Too Cool Juul

Jessica Dean | Campus Life Editor | Apr 9, 2019

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A new trend clouding Auburn's campus

“Will you help me find my Juul? I dropped it on the ground,” one college student yells into the ear of another at 1716 Bar. “A jewel?” the other replies not knowing precisely what they might be referring to, but can only imagine this student has misplaced their precious stone of some sort. This night marked the first time this confused Auburn student, unlike many others, had been exposed to the “wicked” and outrageously popular vaping device -- the Juul. 

2018 had its fair share of epidemics and obsessions. College campuses across the nation started out the year with the concern for peoples consumption of tide pods, and later things shifted in smarter directions with the obsession of Apple’s airpods. However, a certain pod has exceeded boundaries in a world of addictions and has completely conquered the college campuses across America -- the Juul pods. Often mistaken for USB drives, Juul pods have sparked popularity and concern at Auburn University. Like many college towns, Auburn is overrun by the “younger generation” and their impressive ability to catch on to fads and trends, and this lovely village did not miss a beat when Juul pods became such a big thing. 



Although Juul pods were introduced in 2015, it was not until two years later, when Juul separated from PAX labs, that the product reached market heights. Created by two former Stanford University design students, the Juul has become the top-selling vape device in the United States. So, how does this small product make such a significant impact, especially here in Auburn? First, the Juul pods are relatively low in cost, compact and can be described as “user-friendly.” Another one of the major pros, and the most significant, is the startling similarity it has to smoking cigarettes. The product was created to serve as a satisfying alternative to smoking cigarettes. However, the impact of the “Juul Wave” has created some conflict in Auburn.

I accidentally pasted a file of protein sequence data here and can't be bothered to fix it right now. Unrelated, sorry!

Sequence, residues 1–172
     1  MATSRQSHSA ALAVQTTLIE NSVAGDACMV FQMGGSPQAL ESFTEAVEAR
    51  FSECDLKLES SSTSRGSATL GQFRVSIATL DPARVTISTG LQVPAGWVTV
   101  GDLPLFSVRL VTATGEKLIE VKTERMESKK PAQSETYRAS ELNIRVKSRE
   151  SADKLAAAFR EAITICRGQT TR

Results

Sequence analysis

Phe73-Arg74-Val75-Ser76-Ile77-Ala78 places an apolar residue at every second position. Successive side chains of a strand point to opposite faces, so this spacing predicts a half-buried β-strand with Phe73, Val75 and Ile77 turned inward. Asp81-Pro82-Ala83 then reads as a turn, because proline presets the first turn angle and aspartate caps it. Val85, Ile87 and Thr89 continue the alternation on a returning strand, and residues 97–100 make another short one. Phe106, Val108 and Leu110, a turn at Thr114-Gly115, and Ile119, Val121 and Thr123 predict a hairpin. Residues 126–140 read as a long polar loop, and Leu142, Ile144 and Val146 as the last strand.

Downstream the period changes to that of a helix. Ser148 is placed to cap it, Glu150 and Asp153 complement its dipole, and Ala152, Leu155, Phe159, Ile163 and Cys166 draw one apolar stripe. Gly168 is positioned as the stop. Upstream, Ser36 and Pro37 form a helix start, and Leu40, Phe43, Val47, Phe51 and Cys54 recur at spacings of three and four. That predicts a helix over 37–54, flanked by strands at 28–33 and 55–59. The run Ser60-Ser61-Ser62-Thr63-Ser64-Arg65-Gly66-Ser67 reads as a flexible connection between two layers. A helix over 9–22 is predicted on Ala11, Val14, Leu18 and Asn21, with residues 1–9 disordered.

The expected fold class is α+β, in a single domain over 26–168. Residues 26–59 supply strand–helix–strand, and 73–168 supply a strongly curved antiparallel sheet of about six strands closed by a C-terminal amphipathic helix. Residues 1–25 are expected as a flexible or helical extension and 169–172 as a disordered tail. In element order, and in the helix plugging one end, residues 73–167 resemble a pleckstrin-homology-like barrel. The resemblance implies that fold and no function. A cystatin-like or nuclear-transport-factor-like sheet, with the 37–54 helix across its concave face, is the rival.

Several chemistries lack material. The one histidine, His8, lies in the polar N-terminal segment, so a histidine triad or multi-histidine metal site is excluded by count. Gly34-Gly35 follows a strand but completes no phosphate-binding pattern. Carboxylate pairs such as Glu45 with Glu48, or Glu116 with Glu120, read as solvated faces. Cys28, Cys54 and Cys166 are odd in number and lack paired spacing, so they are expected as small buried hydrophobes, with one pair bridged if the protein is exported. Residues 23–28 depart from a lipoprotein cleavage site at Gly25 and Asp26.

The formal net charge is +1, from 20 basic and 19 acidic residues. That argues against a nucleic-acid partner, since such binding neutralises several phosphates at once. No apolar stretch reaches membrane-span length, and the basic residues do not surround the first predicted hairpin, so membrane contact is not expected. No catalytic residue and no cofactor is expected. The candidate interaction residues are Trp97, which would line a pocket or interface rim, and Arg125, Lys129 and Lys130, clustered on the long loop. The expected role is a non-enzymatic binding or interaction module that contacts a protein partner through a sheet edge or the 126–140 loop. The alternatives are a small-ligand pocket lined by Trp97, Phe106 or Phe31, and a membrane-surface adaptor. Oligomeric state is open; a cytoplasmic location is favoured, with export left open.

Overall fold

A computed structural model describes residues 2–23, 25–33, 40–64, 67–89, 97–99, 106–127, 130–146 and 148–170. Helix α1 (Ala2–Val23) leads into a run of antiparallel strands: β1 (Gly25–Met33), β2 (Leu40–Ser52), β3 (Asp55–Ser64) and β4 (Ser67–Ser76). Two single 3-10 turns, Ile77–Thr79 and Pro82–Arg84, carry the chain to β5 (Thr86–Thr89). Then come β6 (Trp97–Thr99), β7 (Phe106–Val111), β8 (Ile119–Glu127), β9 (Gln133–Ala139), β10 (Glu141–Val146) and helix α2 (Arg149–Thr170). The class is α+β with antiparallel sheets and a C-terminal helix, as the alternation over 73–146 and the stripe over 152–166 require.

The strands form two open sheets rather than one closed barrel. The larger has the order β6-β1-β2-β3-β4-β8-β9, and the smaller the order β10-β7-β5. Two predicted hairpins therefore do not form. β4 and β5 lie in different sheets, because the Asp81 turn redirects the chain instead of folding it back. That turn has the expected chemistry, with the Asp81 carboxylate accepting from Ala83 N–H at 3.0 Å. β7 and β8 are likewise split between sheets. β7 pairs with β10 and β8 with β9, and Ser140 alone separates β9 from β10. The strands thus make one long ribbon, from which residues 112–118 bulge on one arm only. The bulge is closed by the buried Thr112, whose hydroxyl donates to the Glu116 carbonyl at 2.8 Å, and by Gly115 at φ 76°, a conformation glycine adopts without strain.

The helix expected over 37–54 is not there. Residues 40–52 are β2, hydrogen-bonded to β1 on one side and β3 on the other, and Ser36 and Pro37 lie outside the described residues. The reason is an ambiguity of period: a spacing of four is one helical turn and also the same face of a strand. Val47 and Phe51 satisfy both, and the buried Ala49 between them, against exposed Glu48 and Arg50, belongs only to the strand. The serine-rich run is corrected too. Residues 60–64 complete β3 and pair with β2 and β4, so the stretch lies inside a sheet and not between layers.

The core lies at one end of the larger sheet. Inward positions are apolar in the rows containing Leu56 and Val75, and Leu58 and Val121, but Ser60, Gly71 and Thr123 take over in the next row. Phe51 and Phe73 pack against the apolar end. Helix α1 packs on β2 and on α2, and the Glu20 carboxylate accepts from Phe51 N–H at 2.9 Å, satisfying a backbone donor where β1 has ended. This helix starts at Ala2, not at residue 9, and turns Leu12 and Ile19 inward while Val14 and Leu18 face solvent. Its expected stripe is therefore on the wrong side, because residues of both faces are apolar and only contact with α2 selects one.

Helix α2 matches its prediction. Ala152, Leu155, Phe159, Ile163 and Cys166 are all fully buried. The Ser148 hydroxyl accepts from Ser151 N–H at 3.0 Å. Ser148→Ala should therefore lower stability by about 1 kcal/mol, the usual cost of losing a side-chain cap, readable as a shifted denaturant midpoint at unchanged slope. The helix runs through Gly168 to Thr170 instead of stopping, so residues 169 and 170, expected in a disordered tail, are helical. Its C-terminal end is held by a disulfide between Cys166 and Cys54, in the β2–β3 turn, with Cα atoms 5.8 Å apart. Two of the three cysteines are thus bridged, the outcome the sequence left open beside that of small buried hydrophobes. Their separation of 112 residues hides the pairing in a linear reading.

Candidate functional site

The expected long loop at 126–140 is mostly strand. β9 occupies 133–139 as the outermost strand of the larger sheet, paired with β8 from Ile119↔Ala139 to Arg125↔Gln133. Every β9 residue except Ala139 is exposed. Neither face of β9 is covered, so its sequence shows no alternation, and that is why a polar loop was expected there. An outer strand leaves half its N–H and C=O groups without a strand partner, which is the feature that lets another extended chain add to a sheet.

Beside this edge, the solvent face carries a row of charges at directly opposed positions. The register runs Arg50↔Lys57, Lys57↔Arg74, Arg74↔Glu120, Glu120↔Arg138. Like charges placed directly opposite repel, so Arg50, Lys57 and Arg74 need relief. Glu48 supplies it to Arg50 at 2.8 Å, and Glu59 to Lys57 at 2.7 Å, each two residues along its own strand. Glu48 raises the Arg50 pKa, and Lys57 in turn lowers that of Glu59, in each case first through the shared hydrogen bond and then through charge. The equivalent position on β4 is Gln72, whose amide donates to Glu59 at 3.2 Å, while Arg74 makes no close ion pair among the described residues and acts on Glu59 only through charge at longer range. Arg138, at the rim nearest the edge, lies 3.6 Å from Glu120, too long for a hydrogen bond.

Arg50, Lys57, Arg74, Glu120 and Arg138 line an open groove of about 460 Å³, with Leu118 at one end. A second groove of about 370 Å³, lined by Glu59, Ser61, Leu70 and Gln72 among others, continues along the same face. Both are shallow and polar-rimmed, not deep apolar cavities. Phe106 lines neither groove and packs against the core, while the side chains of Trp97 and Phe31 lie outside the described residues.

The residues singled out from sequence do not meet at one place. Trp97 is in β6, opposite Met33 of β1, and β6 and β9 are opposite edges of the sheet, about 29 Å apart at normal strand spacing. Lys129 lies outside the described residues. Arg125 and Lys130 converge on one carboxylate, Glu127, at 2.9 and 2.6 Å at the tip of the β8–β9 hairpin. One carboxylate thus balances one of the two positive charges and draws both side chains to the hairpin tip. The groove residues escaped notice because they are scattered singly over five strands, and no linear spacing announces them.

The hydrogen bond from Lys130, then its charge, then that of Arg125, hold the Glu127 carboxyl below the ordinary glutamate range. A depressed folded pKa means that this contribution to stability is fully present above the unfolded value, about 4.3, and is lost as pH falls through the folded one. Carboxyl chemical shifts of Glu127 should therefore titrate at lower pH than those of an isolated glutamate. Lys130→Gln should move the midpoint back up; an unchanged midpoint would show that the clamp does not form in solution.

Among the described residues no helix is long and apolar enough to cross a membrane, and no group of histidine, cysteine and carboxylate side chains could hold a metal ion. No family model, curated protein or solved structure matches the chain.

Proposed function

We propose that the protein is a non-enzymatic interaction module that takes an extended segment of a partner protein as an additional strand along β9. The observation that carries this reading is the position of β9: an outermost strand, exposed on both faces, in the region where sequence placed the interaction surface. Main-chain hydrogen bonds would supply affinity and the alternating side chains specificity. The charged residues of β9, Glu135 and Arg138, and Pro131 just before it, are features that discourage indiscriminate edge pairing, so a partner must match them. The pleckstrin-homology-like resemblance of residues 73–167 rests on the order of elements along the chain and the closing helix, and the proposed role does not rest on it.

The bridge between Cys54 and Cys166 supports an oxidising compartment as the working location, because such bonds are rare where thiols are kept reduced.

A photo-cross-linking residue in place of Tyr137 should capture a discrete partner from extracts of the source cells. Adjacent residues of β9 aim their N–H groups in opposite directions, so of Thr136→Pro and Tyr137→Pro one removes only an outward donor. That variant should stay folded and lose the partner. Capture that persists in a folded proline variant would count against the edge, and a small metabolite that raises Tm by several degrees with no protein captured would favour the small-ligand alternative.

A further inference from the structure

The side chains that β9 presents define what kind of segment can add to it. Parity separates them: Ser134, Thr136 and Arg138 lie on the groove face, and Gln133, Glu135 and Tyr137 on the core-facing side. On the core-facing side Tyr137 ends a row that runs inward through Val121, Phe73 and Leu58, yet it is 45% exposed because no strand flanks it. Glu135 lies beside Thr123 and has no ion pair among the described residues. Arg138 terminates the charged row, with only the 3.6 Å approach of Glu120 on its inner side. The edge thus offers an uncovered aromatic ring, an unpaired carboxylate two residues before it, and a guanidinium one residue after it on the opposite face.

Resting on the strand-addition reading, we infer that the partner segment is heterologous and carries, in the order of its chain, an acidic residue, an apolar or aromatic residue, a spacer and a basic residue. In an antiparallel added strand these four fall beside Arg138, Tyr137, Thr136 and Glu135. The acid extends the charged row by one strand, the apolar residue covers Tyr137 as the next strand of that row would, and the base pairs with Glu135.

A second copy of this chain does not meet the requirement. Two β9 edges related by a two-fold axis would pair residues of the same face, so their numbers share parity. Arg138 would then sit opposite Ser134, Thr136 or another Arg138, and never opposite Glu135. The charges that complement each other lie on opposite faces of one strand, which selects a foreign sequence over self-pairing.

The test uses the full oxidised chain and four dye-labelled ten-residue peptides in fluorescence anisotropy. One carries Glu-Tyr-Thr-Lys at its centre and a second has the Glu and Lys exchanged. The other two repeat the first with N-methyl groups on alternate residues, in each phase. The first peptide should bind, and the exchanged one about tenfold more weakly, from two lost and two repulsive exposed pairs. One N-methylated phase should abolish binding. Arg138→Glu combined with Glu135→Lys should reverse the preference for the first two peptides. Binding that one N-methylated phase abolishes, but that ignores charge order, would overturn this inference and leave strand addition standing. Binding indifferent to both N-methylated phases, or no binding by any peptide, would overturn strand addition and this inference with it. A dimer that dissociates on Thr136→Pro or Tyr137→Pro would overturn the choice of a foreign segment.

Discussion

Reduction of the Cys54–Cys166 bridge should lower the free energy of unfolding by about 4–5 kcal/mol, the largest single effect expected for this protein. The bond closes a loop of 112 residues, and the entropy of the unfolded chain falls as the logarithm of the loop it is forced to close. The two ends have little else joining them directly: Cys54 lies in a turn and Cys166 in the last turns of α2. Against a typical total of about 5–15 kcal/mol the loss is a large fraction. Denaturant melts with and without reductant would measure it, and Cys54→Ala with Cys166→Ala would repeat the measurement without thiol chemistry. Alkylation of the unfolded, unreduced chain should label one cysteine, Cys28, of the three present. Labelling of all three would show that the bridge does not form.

“I use my Juul pretty much every day unless I lose it,” says Auburn senior Matt, who wished to omit his last name. “I started around November 2017 because I was smoking a lot of cigarettes while I was drinking.” Auburn students buy their Juuls in various different places. Matt bought his first at a Mapco and his second at a Circle K, but they are sold in grocery stores and vape shops as well. Recently, concern for underage use caused the Juul company to promise to remove the more novel nicotine flavors from shelves. However, recent reports have accused them of doing just the opposite. According to Auburn’s Smoke-Free Policy, smoking is strictly prohibited on campus, including the iPhone of e-cigarettes. But even with strict policies, legal allegations and unknown health implications, late nights and weekends in Auburn are muddled with a smoky haze because of these popular pods, as students go crazy for the “too cool Juul.”